VIX option pricing

Journal of Futures Markets (Impact Factor: 0.46). 06/2009; 29(6):523 - 543. DOI: 10.1002/fut.20387


Substantial progress has been made in developing more realistic option pricing models for S&P 500 index (SPX) options. Empirically, however, it is not known whether and by how much each generalization of SPX price dynamics improves VIX option pricing. This article fills this gap by first deriving a VIX option model that reconciles the most general price processes of the SPX in the literature. The relative empirical performance of several models of distinct interest is examined. Our results show that state-dependent price jumps and volatility jumps are important for pricing VIX options. © 2009 Wiley Periodicals, Inc. Jrl Fut Mark 29:523–543, 2009

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    • "Carr and Lee's (2007) results resemble those from Whaley's model in terms of their patterns of errors, although the Carr and Lee results are inferior across almost all moneyness and time to expiration categories in terms of both percentage and dollar errors. Comparison of our results of these three models to the Lin and Chang (2009) results show that the models tested here clearly possess smaller errors than the Lin and Chang models. "
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    ABSTRACT: We examine the pricing performance of VIX option models. Such models possess a wide-range of underlying characteristics regarding the behavior of both the S&P500 index and the underlying VIX. Our tests employ three representative models for VIX options: Whaley (1993), Grunbichler and Longstaff (1996), Carr and Lee (2007), Lin and Chang (2009), who test four stochastic volatility models, as well as to previous simulation results of VIX option models. We find that no model has small pricing errors over the entire range of strike prices and times to expiration. In particular, out-of-the-money VIX options are difficult to price, with Grunbichler and Longstaff's mean-reverting model producing the smallest dollar errors in this category. Whaley's Black-like option model produces the best results for in-the-money VIX options. However, the Whaley model does under/overprice out-of-the-money call/put VIX options, which is opposite the behavior of stock index option pricing models. VIX options exhibit a volatility skew opposite the skew of index options.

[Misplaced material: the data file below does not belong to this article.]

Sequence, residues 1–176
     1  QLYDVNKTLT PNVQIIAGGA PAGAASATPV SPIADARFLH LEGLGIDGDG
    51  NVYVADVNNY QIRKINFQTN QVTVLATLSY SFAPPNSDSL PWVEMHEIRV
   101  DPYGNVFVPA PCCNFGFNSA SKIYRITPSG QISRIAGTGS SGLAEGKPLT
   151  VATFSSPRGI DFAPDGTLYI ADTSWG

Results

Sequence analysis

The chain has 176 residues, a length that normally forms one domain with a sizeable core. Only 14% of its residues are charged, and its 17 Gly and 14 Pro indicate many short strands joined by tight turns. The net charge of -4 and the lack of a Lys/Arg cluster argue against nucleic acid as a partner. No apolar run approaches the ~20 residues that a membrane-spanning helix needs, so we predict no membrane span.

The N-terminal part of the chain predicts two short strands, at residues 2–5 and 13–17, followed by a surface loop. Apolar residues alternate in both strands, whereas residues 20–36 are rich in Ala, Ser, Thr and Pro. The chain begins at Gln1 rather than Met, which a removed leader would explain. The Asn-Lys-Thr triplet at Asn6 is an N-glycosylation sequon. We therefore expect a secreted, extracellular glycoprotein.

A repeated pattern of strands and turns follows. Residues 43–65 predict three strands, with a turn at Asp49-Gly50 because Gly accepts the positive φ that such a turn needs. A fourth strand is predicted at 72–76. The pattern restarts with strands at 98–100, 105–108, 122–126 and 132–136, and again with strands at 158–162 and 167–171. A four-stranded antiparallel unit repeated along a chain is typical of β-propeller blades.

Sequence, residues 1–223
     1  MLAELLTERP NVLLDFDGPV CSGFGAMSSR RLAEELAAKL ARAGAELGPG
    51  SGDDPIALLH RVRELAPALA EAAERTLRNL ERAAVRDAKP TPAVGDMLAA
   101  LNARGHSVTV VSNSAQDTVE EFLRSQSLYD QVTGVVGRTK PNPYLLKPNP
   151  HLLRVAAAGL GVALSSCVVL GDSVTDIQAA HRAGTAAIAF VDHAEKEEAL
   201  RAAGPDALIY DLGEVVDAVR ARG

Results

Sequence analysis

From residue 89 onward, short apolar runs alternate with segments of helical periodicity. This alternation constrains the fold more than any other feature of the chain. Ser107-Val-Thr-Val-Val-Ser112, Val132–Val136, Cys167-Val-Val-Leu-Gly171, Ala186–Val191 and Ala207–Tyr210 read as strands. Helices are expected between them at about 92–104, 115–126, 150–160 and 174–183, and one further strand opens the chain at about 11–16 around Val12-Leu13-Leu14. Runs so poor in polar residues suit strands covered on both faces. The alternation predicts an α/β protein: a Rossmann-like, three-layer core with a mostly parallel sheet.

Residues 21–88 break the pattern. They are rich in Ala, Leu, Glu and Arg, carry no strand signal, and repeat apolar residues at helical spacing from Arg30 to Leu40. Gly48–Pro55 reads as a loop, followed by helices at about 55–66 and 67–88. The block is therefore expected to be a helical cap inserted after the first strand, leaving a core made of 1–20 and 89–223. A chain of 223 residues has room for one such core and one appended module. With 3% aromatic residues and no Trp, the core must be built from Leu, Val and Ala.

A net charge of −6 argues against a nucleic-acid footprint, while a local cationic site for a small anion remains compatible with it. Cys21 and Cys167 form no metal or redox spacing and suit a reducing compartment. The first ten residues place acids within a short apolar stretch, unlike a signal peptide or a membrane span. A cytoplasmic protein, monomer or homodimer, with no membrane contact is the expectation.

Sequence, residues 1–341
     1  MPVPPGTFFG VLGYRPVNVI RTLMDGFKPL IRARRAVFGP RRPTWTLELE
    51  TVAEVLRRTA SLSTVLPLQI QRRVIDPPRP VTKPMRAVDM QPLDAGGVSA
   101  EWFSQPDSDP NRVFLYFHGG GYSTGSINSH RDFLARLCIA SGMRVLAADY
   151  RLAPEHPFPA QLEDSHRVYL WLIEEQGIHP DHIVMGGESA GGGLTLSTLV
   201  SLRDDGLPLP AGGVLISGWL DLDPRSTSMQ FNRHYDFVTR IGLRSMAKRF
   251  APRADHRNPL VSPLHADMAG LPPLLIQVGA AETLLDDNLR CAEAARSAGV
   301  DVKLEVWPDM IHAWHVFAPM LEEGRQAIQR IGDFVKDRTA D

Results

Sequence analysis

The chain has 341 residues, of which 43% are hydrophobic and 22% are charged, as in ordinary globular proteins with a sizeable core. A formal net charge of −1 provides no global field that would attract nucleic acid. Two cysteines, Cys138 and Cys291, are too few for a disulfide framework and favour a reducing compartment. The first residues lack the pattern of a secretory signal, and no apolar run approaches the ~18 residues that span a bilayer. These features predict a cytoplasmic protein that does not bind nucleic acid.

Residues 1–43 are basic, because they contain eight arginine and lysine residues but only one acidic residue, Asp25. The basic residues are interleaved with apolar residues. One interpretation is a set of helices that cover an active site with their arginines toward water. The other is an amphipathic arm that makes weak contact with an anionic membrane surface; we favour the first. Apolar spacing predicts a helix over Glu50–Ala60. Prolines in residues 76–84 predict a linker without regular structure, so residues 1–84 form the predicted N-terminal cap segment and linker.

Full-text · Article · Mar 2011 · Journal of Futures Markets
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    ABSTRACT: We conduct an extensive empirical analysis of VIX derivative valuation models over the 2004-2007 bull market and the subsequent financial crisis. We show that existing models yield large distortions during the crisis because of their restrictive volatility mean reverting assumptions. We propose generalisations with a time varying central tendency, jumps and stochastic volatility, analyse their pricing performance, and their implications for the term structures of VIX futures and options, and the option volatility "skews". We find that a model combining central tendency and stochastic volatility is required to reliably price VIX futures and options, respectively, across bull and bear markets.
    Preview · Article · Jan 2009 · Journal of Financial Economics
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    ABSTRACT: This study analyses the new market for trading volatility; VIX futures. We first use market data to establish the relationship between VIX futures prices and the index itself. We observe that VIX futures and VIX are highly correlated; the term structure of average VIX futures prices is upward sloping, whereas the term structure of VIX futures volatility is downward sloping. To establish a theoretical relationship between VIX futures and VIX, we model the instantaneous variance using a simple square root mean-reverting process with a stochastic long-term mean level. Using daily calibrated long-term mean and VIX, the model gives good predictions of VIX futures prices under normal market situation. These parameter estimates could be used to price VIX options. © 2010 Wiley Periodicals, Inc. Jrl Fut Mark 30:809–833, 2010
    Full-text · Article · Sep 2010 · Journal of Futures Markets
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